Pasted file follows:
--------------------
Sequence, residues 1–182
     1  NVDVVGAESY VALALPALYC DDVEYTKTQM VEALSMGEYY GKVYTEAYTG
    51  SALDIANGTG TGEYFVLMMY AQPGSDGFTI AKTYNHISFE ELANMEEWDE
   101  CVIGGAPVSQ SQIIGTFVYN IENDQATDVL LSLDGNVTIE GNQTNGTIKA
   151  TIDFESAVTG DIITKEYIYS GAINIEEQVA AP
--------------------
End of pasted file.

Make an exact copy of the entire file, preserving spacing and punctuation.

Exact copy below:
Sequence, residues 1–182
     1  NVDVVGAESY VALALPALYC DDVEYTKTQM VEALSMGEYY GKVYTEAYTG
    51  SALDIANGTG TGEYFVLMMY AQPGSDGFTI AKTYNHISFE ELANMEEWDE
   101  CVIGGAPVSQ SQIIGTFVYN IENDQATDVL LSLDGNVTIE GNQTNGTIKA
   151  TIDFESAVTG DIITKEYIYS GAINIEEQVA AP